“You have to worry about the guys that get fired, or laid off these days,” John said. This is another area where it is good to stay in regular contact with the front office, for advance notice occasionally on coming personnel changes.

With recently fired/laid off techs, John said it’s important to stay loose in working with the customer.

“Personalities mean a lot in this business,” John said. “Time’s are a little leaner than they used to be. Any edge you can get helps out.”

When it comes to getting an edge, John advised that now is not the time to ratchet up your collections on customers, despite the pinch you may be feeling. Avoid phrases like, “This isn’t enough, I need $30 instead of $20.” But if someone is willing to drive their future earnings away for a little bit more right now, John is “perfectly willing to take on those customers.”

John even adjusted the starting time of his route to accommodate the collections side of the business; he starts later (around 9 a.m.) and works later (between 7 p.m. and 9 p.m.) than many distributors. His first concern was that showing up first thing is frowned on by foremen who may have just made the day’s assignments and then “here’s the tool guy.” The other is about more general timing.

“Really, the bottom line is, after you sell tools, you’re in a way a bill collector. A lot of guys don’t want to see the bill collector early in the morning,” just after getting to work, John said. “It takes time for them to get their day going.”

There’s also an overall benefit to John’s business in starting later — fuel savings.

“It’s easier on the traffic too. I used to do that early morning thing … I was getting jammed up in traffic half the time,” John said. “This is clear sailing in and out of the city.”


Though Phoenix is, of course, a major metropolitan area, the majority of John’s route is heavy-duty shops, above 70 percent. He feels this ratio was a benefit to his business as the economy has slowed.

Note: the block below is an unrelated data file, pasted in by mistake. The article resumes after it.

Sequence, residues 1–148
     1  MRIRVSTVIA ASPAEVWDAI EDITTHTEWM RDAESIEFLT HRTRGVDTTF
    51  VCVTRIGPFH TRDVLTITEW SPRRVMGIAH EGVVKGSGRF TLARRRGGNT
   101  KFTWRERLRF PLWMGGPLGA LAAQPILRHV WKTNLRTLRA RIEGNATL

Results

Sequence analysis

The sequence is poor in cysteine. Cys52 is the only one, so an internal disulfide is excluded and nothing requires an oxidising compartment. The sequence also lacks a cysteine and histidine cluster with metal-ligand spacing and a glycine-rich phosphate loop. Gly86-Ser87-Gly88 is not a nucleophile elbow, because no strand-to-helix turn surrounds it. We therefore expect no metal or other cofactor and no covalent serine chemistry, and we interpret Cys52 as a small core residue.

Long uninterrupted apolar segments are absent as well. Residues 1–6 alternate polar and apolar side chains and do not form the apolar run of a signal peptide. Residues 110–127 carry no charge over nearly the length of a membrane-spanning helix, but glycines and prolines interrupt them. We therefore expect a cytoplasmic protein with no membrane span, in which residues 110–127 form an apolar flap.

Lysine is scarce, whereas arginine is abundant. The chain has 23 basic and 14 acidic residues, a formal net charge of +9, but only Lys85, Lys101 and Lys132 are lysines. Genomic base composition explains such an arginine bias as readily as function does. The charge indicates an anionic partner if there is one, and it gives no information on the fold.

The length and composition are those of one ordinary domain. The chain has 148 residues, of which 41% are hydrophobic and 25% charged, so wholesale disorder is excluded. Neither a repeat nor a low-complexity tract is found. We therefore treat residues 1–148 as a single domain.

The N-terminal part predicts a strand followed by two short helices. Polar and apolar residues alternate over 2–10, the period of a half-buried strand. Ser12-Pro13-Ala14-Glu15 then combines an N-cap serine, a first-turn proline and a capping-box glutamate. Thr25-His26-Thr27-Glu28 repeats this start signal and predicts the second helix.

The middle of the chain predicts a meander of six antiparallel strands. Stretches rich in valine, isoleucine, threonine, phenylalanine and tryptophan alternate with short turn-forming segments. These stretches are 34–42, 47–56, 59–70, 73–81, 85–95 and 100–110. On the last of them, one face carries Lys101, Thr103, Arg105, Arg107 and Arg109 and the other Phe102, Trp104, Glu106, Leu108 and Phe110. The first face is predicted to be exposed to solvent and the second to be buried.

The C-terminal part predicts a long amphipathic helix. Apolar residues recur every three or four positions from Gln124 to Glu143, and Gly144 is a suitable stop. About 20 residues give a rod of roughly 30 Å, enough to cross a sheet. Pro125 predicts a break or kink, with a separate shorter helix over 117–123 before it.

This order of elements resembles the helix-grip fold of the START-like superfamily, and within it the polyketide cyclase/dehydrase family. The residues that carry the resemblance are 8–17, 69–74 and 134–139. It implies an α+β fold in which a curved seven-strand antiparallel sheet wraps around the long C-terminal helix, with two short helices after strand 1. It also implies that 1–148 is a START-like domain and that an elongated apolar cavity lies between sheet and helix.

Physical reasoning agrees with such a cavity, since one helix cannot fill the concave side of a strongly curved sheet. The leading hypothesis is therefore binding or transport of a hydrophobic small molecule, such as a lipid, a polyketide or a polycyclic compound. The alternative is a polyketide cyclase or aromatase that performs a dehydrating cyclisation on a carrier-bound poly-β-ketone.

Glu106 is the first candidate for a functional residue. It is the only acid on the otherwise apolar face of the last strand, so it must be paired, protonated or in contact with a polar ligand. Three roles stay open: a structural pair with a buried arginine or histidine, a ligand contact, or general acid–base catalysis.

“Trucks are still running. It’s faring better than automotive repair, where they’re waiting for someone to come and need work done,” John said. “With a fleet shop, they have to constantly make repairs and do maintenance on all the equipment. They’re running all the time.

“And if I need any new shops, these days I look for heavier equipment.”

John said that having a few heavy-duty shops in the beginning grew by word-of-mouth. “Guys from other shops would come up and say, ‘Hey, we understand that you’re a good guy and you’ve got the bigger tools on your truck. Can you stop by?’ It kind of grew from there on the heavy.

“These guys know each other at the shops,” John said. “They know who the good guys are; they know who the bad guys are. It’s good to be a good guy. They’ll tell their friends.”

A critical part of being a “good guy” for John is warranty issues. Don’t give the customers any “hassles or B.S.” You want customers to know you care about their jobs. “You want customers to say, ‘Hey, buy from this guy because if it breaks he’ll fix it on the spot. He’ll warranty it on the spot. … I built most of my business on that principle.

“I try to do as much of the tool repair as I can on the truck. Whether it’s an impact, the valve in an air hammer, what have you,” John said. “My feeling is, if you can do the tool repair, guys notice that stuff. ‘Hey, your friendly competitor wants to send this thing away for a month, but you did it right on the spot.’ I think that helps.”

John listens to his customers when he stocks the truck for heavy shops. All you have to do is ask techs what they need and what you should carry.

“These guys will tell you too. They’re always happy to share information, and show you all the stuff they’ve got. They’ll open any drawer and proudly display any of the stuff for you, no matter who’s name is on it.”

For John, really talking with customers (not “to” customers) is key to the business. “Interaction has got to count for something. I think it counts for a lot.

“I feel like I’m doing as well as, or probably pretty much better, than my friendly competitors out here. I just keep getting up in the morning and going to work. Keep trying, that’s all we can do.”

And John is getting recognized for it, by his customers and Mac Tools.